Zen’s continuing emphasizes the identity of form and emptiness and its Chinese and later Japanese synthesis as the teaching of original awakening, were ultimately refined by master Eihei Dogen as the oneness of practice and awakening. And so the second of the three major facets of what is Zen is meditation. Here we get to the heart of the word Zen, which is a Japanese pronunciation of the Chinese pronunciation of the Sanskrit term dhyana – meditation.
The first of these, the baseline practice of Zen is Mozhao chan, sometimes called the Zen of silent illumination. In Japanese it is called shikantaza, just sitting. The practice has three basic elements. Sit down. Shut up. Pay attention. This is the universal solvent of the spiritual dilemma. It is the manifestation of practice/awakening as presented by Dogen and a host of others. For more, go here.
The other practice is koan introspection, Kanhua chan, the Zen of words. In Japanese this is called koan introspection practice, where fragments of stories, anecdotes, bits of poetry are all used to help the individual stand in the place of emptiness, of form, of the various permutations of these twin realities. For more, go here.
It is not possible to think of an authentic Zen without one or both of these disciplines.
There are also a host of additional practices and disciplines, most notably a monastic encounter developed in China and modified in other East Asian Buddhist countries. All part of what Zen is.
And, lastly, that over time, and that lineage part. Lineage is meditation Buddhism’s response to the Chinese question, “who are your parents?” That is, to whom do you belong? It was attached by and to the founders of the Zen school as it emerged in early Medieval China.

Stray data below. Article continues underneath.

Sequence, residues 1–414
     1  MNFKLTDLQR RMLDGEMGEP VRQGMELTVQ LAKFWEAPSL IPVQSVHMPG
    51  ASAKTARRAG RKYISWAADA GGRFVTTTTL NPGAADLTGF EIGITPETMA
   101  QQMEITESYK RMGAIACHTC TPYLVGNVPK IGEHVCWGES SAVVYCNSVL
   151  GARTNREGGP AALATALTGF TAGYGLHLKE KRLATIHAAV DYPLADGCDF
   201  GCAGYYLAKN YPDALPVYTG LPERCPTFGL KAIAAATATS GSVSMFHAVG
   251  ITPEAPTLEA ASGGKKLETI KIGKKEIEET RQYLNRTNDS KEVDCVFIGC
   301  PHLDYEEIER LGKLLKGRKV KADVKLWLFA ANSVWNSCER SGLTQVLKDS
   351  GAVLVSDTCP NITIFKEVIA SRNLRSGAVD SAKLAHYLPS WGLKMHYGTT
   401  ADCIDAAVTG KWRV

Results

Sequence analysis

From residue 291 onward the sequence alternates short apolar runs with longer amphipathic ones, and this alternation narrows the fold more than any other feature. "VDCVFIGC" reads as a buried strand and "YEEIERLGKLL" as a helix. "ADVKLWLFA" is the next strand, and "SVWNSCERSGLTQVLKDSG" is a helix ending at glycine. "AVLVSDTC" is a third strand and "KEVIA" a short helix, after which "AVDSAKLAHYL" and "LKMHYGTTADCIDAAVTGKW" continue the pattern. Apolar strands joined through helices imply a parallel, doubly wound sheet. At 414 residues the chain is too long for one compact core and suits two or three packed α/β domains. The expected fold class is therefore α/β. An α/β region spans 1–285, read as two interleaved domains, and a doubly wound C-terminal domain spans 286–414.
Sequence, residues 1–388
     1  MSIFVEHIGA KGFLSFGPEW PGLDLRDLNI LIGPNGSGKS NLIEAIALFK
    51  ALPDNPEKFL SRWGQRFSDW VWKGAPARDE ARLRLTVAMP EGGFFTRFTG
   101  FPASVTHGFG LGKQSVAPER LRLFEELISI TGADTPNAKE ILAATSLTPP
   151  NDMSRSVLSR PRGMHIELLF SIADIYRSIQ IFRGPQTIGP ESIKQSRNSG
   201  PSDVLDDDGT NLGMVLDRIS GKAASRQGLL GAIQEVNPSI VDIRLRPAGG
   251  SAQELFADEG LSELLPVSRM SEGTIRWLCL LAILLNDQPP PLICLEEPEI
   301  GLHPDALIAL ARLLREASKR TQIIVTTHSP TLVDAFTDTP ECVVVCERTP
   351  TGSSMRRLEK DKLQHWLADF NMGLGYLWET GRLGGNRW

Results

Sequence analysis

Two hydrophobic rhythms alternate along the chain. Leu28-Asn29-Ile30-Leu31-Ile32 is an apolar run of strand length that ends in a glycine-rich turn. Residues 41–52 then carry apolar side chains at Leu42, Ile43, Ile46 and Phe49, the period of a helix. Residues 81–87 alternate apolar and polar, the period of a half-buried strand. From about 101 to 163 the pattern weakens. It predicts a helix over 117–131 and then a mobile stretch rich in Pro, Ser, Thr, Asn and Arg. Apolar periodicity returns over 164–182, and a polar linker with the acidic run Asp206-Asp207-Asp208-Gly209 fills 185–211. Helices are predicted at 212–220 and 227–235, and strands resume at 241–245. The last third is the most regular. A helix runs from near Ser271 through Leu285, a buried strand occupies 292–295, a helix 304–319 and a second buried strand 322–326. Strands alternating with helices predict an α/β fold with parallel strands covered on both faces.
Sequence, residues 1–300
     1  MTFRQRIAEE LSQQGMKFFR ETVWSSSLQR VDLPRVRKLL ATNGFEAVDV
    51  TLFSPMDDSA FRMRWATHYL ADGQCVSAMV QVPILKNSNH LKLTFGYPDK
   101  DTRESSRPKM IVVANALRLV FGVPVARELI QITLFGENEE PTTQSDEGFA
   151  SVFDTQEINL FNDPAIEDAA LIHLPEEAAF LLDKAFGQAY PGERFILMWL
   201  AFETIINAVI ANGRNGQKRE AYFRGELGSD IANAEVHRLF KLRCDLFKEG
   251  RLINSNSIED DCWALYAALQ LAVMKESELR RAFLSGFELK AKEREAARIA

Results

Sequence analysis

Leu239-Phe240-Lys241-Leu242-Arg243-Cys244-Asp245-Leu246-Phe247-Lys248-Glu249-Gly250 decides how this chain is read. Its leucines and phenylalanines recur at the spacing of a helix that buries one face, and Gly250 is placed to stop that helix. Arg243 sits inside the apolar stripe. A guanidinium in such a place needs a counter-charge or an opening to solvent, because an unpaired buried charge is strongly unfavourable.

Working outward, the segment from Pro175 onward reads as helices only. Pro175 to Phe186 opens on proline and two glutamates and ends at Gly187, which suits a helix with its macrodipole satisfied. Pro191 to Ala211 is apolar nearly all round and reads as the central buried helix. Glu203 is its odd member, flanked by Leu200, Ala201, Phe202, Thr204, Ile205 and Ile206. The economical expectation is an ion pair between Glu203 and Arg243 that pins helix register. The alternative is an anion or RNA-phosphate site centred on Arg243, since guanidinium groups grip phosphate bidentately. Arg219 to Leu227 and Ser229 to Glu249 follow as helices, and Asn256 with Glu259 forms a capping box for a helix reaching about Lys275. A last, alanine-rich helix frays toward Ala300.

Lineage is based in a mythic connection to the Indian school and back to Gautama Siddhartha himself. It becomes historical around the time of the fifth ancestor, Daman Hongren in the seventh century. It isn’t magic.
Okay, in some ways it is magical. It is an attempt to capture that wondrous insight into who we really are, to acknowledge people who’ve seen into that matter, and who seem able to help others along the way. And the acknowledgement is at heart an intimate thing, passed on from one human being to another. Almost always after years and decades of coming to know one another.
And then there are realities. Dharma transmission is given for many reasons, and they are not always healthful, not always meant to acknowledge that insight and that potential. So, bottom line, Dharma transmission creates a line of people trained and acknowledged as teachers. Some are amazing and wonderful. Others are not.
Also, there’s a sort of feedback loop. Real human beings continuing the line and a set of practices they transmit in support of that astonishing insight into who and what we are. And, yes, sometimes the teachers aren’t worth the powder it would take to blow them away. But the practices themselves can carry the tradition. Not just meditation, but liturgy, and the canon of teachings, especially those gathered in the great koan collections. And, again, there is a miraculous quality to this, so at other times people of amazing insight and character come to the tradition however moribund it might be, and breath new life into the presentation of these ongoing practices. So, over time there is mutation and change, growth and decline and renewal.
So far, right into this time and place. On the great Zen way there are those who have caught the insight, who have investigated the matter through the practices and guidance of the teachers within the lineage, and who from that continue to bring this healing way into the world.
This is what we are about here within the Empty Moon Zen Network.